Carrera certificada por 5 años hasta Enero de 2026
Implementation of a Smartphone application in medical education: A randomised trial (iSTART)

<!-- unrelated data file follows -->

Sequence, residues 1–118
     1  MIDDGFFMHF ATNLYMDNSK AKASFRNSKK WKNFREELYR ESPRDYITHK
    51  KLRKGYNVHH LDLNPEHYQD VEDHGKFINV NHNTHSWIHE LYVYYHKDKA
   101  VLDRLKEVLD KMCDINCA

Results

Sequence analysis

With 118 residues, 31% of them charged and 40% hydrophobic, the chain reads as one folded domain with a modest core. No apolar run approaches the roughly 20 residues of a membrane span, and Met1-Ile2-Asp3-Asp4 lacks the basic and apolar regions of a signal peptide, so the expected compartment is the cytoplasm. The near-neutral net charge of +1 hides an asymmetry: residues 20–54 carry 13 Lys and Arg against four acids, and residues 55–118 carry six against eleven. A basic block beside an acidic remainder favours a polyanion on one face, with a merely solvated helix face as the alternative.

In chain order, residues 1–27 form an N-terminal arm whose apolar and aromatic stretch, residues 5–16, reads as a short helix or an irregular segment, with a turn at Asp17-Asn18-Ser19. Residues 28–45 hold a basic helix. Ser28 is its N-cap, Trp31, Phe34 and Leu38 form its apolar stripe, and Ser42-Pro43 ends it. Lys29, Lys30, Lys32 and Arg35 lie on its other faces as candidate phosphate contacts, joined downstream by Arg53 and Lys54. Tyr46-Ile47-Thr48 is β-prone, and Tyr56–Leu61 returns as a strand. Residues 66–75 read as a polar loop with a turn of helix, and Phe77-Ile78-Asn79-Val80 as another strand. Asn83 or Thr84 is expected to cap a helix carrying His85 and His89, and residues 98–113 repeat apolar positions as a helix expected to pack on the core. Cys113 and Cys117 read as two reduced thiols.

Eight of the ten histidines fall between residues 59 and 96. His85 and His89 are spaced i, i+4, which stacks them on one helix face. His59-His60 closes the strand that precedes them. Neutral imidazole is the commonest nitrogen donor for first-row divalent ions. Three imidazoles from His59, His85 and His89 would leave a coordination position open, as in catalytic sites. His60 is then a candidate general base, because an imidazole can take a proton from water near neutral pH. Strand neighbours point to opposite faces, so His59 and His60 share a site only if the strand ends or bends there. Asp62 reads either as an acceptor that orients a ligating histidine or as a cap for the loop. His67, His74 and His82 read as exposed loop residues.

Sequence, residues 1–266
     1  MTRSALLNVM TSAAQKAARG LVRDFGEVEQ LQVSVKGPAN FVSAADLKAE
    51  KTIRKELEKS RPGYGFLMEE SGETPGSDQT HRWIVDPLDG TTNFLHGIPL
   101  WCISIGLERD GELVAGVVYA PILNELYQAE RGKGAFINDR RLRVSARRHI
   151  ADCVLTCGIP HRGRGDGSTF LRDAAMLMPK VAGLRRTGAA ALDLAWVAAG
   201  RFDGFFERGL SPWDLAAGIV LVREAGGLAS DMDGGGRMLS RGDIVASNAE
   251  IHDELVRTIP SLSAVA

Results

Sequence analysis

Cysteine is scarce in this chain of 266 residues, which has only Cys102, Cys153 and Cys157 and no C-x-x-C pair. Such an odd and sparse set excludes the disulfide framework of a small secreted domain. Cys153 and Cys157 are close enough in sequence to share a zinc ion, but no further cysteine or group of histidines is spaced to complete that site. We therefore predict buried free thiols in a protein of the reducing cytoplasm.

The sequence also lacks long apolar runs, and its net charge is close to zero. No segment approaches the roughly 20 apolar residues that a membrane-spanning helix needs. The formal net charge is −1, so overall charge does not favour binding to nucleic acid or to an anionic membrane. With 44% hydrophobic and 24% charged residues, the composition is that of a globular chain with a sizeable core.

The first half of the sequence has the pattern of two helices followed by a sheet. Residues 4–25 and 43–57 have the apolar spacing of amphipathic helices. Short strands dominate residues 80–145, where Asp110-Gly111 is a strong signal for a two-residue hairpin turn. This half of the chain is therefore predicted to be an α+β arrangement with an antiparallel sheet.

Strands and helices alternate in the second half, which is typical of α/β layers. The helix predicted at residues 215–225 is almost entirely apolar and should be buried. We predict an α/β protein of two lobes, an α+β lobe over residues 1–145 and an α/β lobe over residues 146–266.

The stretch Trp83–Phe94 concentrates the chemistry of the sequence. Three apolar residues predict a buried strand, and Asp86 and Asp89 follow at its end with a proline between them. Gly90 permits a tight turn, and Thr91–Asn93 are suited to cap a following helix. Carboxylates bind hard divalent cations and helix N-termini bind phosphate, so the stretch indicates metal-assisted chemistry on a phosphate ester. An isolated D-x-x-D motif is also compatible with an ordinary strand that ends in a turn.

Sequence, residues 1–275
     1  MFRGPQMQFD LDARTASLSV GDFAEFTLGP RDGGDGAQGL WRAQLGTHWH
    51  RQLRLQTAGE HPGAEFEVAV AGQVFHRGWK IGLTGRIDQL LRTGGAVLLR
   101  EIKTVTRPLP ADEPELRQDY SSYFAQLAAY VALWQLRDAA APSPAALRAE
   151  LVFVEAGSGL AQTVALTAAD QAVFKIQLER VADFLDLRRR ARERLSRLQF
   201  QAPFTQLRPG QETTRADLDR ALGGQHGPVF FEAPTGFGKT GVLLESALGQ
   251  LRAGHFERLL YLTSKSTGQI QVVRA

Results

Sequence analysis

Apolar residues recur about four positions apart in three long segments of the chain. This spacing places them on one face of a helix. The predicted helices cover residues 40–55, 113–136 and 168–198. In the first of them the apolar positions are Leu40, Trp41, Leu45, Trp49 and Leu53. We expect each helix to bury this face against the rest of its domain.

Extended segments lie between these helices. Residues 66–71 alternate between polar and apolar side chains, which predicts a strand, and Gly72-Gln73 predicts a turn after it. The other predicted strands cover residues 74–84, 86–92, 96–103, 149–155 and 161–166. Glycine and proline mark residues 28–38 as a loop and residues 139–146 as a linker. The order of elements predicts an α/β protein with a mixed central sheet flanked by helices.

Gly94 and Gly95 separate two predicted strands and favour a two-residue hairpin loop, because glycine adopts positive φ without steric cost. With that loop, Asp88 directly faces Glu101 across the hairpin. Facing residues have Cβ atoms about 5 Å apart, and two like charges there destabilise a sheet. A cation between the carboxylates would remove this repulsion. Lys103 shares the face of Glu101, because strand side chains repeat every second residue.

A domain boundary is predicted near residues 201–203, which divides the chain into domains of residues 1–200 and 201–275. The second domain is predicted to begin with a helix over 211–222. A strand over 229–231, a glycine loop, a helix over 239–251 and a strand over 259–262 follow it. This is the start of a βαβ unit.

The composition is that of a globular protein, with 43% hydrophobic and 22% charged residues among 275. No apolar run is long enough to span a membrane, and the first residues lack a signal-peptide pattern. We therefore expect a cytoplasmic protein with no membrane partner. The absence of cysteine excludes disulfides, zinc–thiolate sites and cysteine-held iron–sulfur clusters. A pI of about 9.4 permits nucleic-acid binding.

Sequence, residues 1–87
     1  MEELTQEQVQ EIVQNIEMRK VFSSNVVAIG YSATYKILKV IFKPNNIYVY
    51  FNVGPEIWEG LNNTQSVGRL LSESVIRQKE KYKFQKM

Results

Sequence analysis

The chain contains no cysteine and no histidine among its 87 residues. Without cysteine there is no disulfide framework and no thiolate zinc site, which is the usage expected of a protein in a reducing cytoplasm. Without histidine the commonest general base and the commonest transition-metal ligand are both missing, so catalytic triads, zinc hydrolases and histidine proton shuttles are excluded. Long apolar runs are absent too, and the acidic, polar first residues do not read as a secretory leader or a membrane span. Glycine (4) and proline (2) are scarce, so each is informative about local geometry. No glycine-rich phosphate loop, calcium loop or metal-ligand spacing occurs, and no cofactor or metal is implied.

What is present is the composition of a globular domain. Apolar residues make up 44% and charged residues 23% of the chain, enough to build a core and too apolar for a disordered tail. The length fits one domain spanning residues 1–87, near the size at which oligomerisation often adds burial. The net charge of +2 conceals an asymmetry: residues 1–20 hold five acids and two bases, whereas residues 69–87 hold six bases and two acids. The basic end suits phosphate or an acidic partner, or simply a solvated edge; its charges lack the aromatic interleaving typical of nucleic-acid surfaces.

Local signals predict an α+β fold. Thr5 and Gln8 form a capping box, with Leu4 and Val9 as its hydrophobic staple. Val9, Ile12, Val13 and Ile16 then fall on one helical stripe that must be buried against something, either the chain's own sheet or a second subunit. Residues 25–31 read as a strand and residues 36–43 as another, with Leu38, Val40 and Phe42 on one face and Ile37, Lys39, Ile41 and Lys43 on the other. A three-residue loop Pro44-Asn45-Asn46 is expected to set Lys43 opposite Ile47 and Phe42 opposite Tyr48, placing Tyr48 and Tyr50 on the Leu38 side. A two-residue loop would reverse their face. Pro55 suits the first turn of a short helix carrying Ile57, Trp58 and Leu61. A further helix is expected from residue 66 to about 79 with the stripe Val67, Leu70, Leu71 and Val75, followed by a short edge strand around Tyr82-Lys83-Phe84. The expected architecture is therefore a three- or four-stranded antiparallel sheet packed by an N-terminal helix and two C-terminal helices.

Background: Smartphones are popular technologies that combine telephone communications and informatics in portable devices. Limited evidence exists regarding their effectiveness in improving academic performance among medical students. This study aims to assess whether a smartphone application could improve academic performance in multiple-choice tests. Methods: A double-masked randomised trial was held among interns at the School of Medicine of the Universidad de Valparaiso. Participants were randomised to receive an application designed to review key concepts in Internal Medicine and its subspecialties using clinical vignettes. Contents were selected and provided in a format akin to a mandatory national examination required for practising medicine in Chile. Analyses were undertaken under the intention to treat principle and missing data were handled using multiple imputation techniques. Results: Eighty interns volunteered to participate in this trial, most were female (48 students, 60%) and had a mean age of 25.3 ± 2.2 years. Participants showed significant experience with smartphones, with a median use of 4 years (IQR 3-6 years) and 67 (83.7%) reporting routine use in clinical practice. Intention-to-treat analyses showed significant improvements in performance amongst students allocated to the smartphone application (mean increase of 14.5 ± 8.9 vs 9.4 ± 11.6points, p = 0.03). A reduction in total time and mean time per question was also found, which was significant in complete-case analyses (p = 0.04). Discussion: Smartphones were popular among medical trainees. Academic performance was significantly improved by the use of our application, although the overall effect was smaller than expected from previous trials. This study provides evidence that smartphone-based interventions can assist in teaching internal medicine. Trial registration: ClinicalTrials NCT02723136.